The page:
Where do I begin? Another Christian musician has ‘come out’ in a recent article in Billboard. The tragedy of Trey Pearson is, unfortunately, becoming a little more common. The article recounts Trey Pearson being filled with conflicting emotions, mental anguish and the turmoil that comes from desires which run contrary to God’s Word. Is he alone? Do others have similar conflicts, whether sexual or otherwise? No, he is not alone. A few other notable Christian musicians have ‘come out’ in the past several years, including Vicky Beeching and Jennifer Knapp. Their tales share a lot of common elements.
Trey Pearson faced years of struggle with emotions averse to what he was taught. His upbringing by a devoutly Christian father and mother seemed to call him to a life which he states was, “…an effort to life the lifestyle his community expected.” Sadly, Trey has bought into a very subtle deception; a deception which is becoming increasingly popular in both worldly and Christian circles. We can learn a lot from this situation by looking at some of his (and other’s) statements, comparing them with the Word of God.
“I finally decided to come out because I couldn’t keep trying to be something that I wasn’t.”
The Christian life is not accomplished by our “trying to be something.” In fact, it is the opposite of anything that we may achieve on our own. We cannot receive salvation on our own (Ephesians 2:8-9). We cannot progress in our walk with Christ on our own (Galatians 3:1-3). The power to live a Christian life comes by listening – and following – the Word of God as revealed by the voice of the Holy Spirit. It starts with the Born Again experience, and will only continue as we walk in faith.
“I definitely know how hard it was on my journey to be able to accept myself…”
What does Trey Pearson mean when he states he needed to ‘accept myself?’ It means that he accepted personal feelings and desires instead of what the Word of God proclaims for him, and that he relented to the desire of his flesh. It means that he had grown tired of resisting the impulses of his human nature in his own power and, obviously, didn’t know how to counter them. Does it mean that his contention against that desire was fake? Not at all, because all of us have desires which go against the life that we (as Christians) are called to fulfill. However, he doesn’t seem to understand that his ‘self’ has already been put to death (Romans 6:5-11; Galatians 2:20; 5:24-25). The life of Christ is available for anyone who will seek Him, but we need to seek Him through His Word (not personal experience) and then act in faith on what the Holy Spirit reveals to us.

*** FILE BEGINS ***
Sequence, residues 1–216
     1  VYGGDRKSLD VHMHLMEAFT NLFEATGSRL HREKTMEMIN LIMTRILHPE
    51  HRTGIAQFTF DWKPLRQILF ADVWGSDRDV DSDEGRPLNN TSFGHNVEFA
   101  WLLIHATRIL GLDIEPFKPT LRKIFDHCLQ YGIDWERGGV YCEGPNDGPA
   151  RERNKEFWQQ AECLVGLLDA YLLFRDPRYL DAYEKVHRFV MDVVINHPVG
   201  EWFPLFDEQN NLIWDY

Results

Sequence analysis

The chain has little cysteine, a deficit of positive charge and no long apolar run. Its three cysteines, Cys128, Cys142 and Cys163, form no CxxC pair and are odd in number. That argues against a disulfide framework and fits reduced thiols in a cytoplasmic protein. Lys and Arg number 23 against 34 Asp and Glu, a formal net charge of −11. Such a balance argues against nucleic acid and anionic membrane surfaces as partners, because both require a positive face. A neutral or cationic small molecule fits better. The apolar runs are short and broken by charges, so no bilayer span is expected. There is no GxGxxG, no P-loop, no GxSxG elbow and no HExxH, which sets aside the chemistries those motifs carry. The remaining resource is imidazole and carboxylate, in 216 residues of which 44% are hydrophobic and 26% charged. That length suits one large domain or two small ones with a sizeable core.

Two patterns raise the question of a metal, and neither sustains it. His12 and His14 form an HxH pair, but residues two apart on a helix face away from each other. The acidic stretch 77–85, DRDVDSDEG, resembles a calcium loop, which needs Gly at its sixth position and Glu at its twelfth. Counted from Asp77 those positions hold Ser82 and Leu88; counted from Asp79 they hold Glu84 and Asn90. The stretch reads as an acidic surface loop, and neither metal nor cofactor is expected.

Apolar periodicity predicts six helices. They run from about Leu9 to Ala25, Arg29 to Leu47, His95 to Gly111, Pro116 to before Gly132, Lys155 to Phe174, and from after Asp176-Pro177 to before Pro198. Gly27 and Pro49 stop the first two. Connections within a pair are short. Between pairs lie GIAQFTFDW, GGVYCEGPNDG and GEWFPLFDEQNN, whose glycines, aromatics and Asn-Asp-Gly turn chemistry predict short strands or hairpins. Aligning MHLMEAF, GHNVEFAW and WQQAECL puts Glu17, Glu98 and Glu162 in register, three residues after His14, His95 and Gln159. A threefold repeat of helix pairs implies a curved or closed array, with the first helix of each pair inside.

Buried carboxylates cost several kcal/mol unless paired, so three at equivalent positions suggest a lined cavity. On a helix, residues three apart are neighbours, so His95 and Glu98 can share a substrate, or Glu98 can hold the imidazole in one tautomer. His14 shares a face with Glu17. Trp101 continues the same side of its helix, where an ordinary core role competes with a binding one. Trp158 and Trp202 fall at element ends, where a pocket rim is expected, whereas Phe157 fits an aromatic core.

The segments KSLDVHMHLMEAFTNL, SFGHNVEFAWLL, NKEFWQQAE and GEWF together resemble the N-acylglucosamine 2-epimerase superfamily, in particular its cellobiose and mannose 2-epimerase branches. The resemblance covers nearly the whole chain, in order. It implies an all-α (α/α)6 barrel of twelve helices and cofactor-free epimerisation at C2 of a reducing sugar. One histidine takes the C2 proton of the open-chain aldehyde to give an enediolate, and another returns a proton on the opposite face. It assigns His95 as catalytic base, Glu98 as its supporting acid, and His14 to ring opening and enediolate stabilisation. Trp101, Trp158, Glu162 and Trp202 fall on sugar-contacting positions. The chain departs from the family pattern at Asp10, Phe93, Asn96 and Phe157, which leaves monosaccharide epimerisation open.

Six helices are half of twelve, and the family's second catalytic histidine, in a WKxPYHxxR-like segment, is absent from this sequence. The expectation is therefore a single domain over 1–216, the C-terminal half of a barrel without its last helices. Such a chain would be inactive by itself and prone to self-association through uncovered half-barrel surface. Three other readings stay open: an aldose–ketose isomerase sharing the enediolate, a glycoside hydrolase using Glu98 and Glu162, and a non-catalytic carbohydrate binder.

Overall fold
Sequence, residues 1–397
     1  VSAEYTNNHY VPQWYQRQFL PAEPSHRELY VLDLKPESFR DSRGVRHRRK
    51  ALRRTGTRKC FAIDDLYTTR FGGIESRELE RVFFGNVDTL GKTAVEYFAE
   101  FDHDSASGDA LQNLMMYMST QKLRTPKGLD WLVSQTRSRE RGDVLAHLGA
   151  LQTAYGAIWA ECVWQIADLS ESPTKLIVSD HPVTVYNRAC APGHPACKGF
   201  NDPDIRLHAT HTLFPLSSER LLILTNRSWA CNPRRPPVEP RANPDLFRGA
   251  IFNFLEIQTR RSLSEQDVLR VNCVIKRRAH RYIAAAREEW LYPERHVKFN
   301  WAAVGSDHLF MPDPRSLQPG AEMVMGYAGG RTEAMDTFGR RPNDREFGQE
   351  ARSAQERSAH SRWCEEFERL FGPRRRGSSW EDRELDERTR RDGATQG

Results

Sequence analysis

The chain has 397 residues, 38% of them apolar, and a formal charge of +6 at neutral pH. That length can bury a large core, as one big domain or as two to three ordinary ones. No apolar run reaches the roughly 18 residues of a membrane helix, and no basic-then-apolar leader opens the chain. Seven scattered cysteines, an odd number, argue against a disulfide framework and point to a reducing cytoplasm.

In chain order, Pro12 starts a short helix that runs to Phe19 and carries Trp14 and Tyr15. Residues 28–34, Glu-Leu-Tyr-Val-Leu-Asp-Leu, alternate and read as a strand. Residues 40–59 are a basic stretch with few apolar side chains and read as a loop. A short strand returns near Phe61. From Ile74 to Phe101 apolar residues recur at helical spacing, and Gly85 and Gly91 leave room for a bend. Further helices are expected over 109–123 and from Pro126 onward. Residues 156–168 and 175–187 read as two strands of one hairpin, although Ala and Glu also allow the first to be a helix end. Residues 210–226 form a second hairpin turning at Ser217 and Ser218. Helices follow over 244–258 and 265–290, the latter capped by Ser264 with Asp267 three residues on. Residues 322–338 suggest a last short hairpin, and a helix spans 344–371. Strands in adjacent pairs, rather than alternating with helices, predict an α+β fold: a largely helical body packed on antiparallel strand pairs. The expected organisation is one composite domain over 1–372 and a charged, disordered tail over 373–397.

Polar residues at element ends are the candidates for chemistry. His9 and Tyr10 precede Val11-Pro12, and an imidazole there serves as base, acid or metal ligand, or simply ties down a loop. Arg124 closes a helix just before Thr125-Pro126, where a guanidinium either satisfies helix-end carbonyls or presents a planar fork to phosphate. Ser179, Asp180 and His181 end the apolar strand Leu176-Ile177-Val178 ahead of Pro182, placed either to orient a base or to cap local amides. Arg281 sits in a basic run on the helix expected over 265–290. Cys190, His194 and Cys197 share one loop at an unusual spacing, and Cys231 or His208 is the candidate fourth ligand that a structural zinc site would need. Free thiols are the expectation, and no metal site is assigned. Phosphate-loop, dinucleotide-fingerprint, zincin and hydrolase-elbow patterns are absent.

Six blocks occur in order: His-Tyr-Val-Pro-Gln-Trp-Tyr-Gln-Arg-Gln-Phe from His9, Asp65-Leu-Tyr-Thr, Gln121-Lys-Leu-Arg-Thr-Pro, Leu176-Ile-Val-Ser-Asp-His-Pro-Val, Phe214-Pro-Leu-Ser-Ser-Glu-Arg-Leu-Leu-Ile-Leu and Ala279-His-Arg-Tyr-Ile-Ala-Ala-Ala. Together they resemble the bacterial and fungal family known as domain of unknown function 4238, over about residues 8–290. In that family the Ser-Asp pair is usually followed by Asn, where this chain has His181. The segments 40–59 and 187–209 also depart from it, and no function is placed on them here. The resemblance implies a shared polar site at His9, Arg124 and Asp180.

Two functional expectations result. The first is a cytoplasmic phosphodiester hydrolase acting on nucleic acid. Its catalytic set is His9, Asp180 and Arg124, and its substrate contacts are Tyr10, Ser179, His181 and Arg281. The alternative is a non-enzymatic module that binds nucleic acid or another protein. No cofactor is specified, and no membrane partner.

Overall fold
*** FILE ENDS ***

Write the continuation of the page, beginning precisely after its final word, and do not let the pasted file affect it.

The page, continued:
“[I] was never going to be who my wife needed me to be.”
It seems he was focused on his personal failings instead of the promises contained in the Word of God. Because he didn’t ‘feel’ what he expected he assumed that he (or God?) had failed. In direct contradiction to his ‘feelings’ God promises a new life (2 Corinthians 5:17), He promises a life of grace (Hebrews 4:14-16) and victory (Romans 5:17). The caveat to living this life is that we pursue it by faith, not feelings.
“But if this honesty with myself about who I am, and who I was made by God to be…”
I’m sure this man believes what he claims, but what he states is frightening. His sexual appetite is not ‘who he is’ (at least according to God’s Word). God did not “make him a homosexual.” To think that way shows a profound divergence from the truth of God, and jeopardizes his very relationship with Him. Does God make people drunks? Does God make people rapists? Does God make people thieves? The answer to all these questions, obviously, is NO. What this kind of thinking (as employed by people like Pearson) shows is what happens when we fail at living the Christian life when doing things on our own, in our own power.
The sad reality is that Trey Pearson, along with others like him, has traded the truth of God for the lie of the flesh. They place their faith in what they feel and not in what God says in His Word. As with other artists who have done as he has, I won’t support him in his deception by purchasing his work. At the same time though, our response should not be one of anger or retribution. Instead we should reach out to him in an attitude of love, correction and reconciliation.
If he is determined to continue in his erroneous lifestyle then so be it, but we should not rant and rave about his personal decisions. Instead, we should operate in the love of God and pray for him and, ultimately, hope that God will reveal the error he’s entered into and restore him to the truth.Tags: Christianity Culture LGBT